is nothing else in it. A wants protection; that is, he wants
    B’s money. B does not want to let him have it. A talks sentiment
    and metaphysics finely, and, after all, all there is in it is
    that he wants B’s money. A does not otherwise show much interest
    in sentiment and patriotism and metaphysical goods generally.
    He never goes to Washington to lobby … unless there is
    a chance in it for him to get B’s money. He is then moved to
    scorn at B’s love of money… because B will not give up
    his money. The matter is all stated from A’s standpoint. We
    see him all the time. For him to want B’s money is patriotic.
    It is "developing our resources." It is noble. For
    B to want to keep the same money is mean. I insist upon the
    matter being stated in the most crass and vulgar way, just because
    that is all there is of it when the humbug is all eliminated."

    "Competition
    is the force which under freedom indicates to us what we can
    do for ourselves and them, and what we can let them do for us
    to our final maximum advantage. To shut off competition and
    go into the industries which…Congress or the caprice of
    individuals may select, is like unhinging the compass and steering
    the ship by chance."

    "If
    the industry does not pay … it is wasting and destroying…The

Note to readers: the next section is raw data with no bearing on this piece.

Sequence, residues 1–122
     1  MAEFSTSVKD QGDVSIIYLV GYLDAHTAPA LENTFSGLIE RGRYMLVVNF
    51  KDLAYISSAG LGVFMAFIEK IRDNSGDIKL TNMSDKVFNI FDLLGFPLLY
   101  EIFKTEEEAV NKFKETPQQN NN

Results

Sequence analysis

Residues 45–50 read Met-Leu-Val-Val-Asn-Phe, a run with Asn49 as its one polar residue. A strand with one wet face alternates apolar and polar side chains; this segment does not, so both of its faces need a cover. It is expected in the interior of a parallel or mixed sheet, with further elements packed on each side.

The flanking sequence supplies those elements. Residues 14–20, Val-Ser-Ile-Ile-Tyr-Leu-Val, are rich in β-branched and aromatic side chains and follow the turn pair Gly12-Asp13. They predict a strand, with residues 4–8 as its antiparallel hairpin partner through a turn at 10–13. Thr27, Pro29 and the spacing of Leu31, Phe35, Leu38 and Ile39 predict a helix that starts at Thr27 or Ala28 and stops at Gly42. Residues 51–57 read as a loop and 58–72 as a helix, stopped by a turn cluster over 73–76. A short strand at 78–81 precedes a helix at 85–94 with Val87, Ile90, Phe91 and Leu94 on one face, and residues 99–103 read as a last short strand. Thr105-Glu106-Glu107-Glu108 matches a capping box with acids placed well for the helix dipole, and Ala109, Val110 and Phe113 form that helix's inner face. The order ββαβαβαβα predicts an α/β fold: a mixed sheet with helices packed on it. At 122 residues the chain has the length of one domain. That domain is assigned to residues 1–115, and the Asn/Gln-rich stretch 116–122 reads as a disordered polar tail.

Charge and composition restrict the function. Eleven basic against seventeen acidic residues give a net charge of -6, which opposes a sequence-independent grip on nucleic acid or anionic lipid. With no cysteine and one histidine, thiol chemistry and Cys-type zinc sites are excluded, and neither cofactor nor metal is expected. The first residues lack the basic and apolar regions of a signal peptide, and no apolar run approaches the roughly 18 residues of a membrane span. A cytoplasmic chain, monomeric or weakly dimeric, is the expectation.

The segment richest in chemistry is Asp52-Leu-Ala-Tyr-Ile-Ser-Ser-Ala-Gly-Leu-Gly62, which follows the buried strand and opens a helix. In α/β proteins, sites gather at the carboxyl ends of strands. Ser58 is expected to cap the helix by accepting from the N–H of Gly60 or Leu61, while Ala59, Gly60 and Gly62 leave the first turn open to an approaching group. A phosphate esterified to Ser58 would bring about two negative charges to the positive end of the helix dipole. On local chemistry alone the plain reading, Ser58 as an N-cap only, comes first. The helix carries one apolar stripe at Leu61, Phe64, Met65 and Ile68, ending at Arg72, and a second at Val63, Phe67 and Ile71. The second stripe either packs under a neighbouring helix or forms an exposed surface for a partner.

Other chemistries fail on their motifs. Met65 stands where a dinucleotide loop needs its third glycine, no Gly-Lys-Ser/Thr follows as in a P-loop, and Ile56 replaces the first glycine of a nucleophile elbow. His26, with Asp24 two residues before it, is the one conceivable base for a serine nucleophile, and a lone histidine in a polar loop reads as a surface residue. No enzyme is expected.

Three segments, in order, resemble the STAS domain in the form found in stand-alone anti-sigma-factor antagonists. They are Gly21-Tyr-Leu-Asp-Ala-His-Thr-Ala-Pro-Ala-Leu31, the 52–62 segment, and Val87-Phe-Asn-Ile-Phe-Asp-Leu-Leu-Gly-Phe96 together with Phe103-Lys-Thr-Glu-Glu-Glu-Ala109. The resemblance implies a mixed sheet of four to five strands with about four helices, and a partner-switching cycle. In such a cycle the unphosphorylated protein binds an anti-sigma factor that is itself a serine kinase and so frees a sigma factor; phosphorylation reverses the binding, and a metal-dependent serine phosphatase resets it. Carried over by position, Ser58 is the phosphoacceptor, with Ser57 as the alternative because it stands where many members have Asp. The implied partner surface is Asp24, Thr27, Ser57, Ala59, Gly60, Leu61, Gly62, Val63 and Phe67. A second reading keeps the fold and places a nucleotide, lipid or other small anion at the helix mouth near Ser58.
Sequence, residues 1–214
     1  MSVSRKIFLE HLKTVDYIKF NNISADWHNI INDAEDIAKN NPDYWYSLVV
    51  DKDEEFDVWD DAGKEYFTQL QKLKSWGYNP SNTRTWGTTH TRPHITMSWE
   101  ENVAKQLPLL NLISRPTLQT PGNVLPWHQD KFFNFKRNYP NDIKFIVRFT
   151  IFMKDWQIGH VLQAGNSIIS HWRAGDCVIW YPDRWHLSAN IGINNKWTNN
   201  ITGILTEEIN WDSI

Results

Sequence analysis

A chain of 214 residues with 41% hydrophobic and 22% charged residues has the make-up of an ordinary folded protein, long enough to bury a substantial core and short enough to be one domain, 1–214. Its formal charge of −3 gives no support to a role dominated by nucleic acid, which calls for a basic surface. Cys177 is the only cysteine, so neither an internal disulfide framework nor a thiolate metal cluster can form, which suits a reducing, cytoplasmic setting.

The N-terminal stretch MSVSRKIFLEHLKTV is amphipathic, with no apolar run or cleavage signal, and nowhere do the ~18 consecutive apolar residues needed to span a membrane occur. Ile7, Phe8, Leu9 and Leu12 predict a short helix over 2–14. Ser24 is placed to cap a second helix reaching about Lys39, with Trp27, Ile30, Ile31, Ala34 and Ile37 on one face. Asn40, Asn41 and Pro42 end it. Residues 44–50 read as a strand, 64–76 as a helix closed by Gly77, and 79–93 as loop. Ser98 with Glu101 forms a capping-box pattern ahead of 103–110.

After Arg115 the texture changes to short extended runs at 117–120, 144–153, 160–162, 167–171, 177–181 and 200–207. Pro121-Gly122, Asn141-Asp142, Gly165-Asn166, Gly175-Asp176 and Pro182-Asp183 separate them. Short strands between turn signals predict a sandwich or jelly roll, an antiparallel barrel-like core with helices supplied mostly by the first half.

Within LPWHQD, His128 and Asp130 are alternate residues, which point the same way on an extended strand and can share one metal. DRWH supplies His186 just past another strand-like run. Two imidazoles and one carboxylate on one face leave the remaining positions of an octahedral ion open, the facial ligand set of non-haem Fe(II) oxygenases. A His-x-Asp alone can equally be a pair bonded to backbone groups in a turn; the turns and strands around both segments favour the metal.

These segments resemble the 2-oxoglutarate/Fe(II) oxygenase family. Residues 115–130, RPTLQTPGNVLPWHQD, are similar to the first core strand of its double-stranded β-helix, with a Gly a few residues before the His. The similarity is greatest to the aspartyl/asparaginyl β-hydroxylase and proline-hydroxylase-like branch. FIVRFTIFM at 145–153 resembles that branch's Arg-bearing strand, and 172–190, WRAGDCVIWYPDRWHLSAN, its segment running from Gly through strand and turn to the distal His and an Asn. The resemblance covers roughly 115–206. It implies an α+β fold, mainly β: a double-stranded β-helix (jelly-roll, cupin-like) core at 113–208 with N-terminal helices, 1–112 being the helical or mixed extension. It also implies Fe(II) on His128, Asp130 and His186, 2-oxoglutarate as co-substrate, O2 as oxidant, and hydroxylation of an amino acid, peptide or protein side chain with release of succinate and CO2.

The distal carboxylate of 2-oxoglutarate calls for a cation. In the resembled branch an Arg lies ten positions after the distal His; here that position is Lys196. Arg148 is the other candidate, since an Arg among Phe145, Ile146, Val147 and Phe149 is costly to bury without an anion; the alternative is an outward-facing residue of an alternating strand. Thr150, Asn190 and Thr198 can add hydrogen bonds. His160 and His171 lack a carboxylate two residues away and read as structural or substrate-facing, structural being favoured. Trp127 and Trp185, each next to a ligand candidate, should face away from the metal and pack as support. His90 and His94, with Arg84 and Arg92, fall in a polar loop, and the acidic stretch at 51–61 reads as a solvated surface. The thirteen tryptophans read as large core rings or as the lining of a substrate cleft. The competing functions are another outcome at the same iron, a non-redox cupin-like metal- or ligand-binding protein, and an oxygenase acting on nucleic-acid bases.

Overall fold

protected manufacturer is forced to allege, when it asks for
    protection, that his business would not pay without it. He proposes
    to waste capital. If he should waste his own wealth he would
    not go on long. He therefore asks the legislature to give him
    power to lay taxes on his fellow-citizens, to collect from them
    the capital which he intends to waste, and good wages for himself
    while he is carrying on that business besides … Either
    an industry can pay under freedom, in which case it does not
    need protection, or else it would not pay under freedom, in
    which case it is wasting the wealth of the nation as long as
    it goes on."

    William Graham
    Sumner noted that when it came to protectionism, "Common-sense
    makes its way very slowly into the minds of men when it has to
    rely on its own merits." After all, the self-interest of
    those who wish to employ the government to take from others often
    blinds them to rational argument, and those who want to land the
    job of facilitating such transactions for what he called "parasite
    industries" are more than eager to do so. But it still does
    not change the truth that "any scheme which aims to gain,
    not by the legitimate fruits of industry and enterprise, but by
    extorting from somebody a part of his product" deserves moral
    condemnation.

    April
    11, 2007

    Gary M.
    Galles [send him mail]
    is a professor of economics at Pepperdine University.